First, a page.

Fears of a new wave of violence in the restive east of the Democratic Republic of the Congo are growing after weeks of deadly protests against UN peacekeepers and rising regional tensions.
Thirty-six people, including four UN peacekeepers, have died in the past two weeks as hundreds of protesters vandalised and set fire to UN buildings in several cities in eastern frontier provinces.
Though there have been similar waves of protests before, few have caused so many casualties. With elections due next year, analysts say political actors are fuelling unrest.
Last week, the DRC effectively expelled a spokesperson for Monusco, the UN’s peacekeeping force in the country, after allegedly making “indelicate and inappropriate” statements that authorities said contributed to the tensions with the local population. Authorities said this week they wanted to reassess the peacekeeping mission’s withdrawal plan.
Civilians in eastern DRC have accused Monusco, which has been active for more than a decade, of failing to protect them from the militia violence that has long plagued the region but which has intensified in recent months. The protesters called for the immediate withdrawal of the force.
Nelleke van de Walle, project director for the Great Lakes region at the International Crisis Group, said Monusco was easy to blame.
“People are actually angry at a failed state, a failed government, an incapable army, but Monusco has a very visible presence with its patrols and bases and so becomes a focus of popular frustrations,” she told the Guardian.
In a poll published on Thursday by the Congo Research Group at New York University and the Kinshasa-based institute Ebuteli, 44% of those asked said Monusco should leave DRC immediately – about the same number as those who wanted the mission to stay in 2016.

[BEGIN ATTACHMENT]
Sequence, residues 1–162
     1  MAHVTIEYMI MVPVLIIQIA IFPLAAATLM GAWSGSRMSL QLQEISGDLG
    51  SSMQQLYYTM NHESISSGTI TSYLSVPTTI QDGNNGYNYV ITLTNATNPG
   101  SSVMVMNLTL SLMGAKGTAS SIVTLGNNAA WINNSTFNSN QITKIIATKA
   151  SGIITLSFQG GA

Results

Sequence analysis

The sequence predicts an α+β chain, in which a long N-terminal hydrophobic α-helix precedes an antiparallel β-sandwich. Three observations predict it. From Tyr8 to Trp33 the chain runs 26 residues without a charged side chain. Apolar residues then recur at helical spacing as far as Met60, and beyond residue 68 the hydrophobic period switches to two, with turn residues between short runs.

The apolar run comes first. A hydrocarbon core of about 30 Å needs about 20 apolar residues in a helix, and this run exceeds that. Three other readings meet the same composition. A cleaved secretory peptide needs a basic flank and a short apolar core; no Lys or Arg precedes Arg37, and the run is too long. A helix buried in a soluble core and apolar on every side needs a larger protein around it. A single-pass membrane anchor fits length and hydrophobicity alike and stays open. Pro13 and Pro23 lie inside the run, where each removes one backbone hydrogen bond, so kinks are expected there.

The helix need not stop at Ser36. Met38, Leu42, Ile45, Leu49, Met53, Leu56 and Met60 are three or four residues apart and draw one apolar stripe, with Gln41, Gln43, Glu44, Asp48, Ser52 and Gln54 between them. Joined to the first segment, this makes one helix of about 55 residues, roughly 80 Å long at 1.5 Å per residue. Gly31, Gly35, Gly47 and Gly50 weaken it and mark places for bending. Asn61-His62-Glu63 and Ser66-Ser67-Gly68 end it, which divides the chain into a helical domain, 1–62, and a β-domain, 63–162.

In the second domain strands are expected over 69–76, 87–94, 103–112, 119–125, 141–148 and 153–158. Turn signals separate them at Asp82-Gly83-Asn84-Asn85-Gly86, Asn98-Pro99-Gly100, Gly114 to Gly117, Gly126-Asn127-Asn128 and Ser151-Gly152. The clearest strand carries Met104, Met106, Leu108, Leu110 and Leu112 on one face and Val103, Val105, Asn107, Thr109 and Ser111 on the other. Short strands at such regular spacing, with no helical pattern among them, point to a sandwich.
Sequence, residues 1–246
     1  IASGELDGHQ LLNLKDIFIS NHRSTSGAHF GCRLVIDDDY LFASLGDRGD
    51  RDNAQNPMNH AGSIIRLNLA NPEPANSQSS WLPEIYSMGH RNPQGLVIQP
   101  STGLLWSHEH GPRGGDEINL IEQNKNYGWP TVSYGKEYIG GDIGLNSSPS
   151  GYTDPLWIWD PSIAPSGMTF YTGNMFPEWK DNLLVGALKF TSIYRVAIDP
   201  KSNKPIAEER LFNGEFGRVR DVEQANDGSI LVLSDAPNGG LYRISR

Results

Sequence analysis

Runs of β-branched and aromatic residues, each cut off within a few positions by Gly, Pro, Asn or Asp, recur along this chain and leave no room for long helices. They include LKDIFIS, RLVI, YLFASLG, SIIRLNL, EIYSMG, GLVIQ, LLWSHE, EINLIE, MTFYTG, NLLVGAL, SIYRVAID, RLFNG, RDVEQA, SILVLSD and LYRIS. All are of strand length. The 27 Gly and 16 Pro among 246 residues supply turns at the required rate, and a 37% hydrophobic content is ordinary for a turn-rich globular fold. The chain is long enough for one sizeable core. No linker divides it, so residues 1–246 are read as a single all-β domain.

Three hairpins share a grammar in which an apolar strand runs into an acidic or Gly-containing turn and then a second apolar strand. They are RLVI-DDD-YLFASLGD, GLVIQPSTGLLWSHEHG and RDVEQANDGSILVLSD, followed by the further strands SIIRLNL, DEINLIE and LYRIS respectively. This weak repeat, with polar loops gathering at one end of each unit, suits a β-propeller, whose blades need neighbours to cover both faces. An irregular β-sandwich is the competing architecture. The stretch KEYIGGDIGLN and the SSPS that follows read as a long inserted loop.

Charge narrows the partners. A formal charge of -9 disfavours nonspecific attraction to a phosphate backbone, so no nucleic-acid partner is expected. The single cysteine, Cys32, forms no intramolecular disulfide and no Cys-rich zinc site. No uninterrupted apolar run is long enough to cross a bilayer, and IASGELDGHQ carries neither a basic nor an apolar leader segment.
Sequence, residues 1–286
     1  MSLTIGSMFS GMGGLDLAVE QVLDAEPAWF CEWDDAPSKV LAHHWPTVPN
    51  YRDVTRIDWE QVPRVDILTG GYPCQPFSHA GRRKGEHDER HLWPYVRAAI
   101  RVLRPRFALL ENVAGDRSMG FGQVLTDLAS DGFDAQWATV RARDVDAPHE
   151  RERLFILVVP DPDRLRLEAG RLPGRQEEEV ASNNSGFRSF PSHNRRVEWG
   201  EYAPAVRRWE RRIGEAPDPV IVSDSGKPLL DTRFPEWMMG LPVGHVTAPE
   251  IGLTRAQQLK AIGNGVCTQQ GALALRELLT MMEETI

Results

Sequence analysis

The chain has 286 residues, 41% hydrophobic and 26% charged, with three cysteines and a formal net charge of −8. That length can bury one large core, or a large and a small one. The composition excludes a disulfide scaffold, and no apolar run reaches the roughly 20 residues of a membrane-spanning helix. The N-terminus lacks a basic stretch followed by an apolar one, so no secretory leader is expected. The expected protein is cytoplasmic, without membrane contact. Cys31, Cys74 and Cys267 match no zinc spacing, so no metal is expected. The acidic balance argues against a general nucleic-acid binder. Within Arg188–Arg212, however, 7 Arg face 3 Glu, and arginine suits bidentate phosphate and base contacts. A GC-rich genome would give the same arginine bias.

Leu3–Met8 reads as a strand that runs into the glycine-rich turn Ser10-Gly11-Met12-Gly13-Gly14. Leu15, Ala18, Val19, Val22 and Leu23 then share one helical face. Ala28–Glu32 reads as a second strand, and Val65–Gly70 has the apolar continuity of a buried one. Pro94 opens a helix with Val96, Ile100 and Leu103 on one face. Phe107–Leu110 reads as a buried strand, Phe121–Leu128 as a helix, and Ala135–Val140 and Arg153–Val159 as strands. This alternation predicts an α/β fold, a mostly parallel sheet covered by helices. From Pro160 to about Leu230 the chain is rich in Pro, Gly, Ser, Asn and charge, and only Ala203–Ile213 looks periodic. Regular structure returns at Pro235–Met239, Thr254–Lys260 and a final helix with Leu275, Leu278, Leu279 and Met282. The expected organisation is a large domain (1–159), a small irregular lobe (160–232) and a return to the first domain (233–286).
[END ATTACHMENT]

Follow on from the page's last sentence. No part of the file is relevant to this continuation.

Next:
Monusco is due to hand most of its duties over to local forces by 2024, according to a timetable drawn up last year, but the government now aims to speed up its departure, said the foreign affairs minister, Christophe Lutundula.
The force, which took over from an earlier UN operation in 2010, has been scaling down for years, and its current mandate ends in December. A renewal for a further year by the UN security council was expected to be a formality and is still seen as very likely by analysts.
The peacekeepers have been accused of retaliating with force and, in some cases, live ammunition, as hundreds of protesters threw rocks and petrol bombs, vandalising and setting fire to UN buildings.
A government commission sent to assess the aftermath found that 13 people died in clashes in the city of Goma; another 13, including four peacekeepers, in Butembo; and three in Kanyabayonga, the DRC’s presidency said.
Four protesters were killed in the city of Uvira when they were hit by an electric cable that had been damaged as troops fired shots at it.
Three civilians died in a separate incident, reported on Sunday, during which soldiers returning from leave to a UN intervention brigade opened fire at a border post.
About 170 people were wounded, the commission added, noting strong anti-UN sentiment among civil society representatives.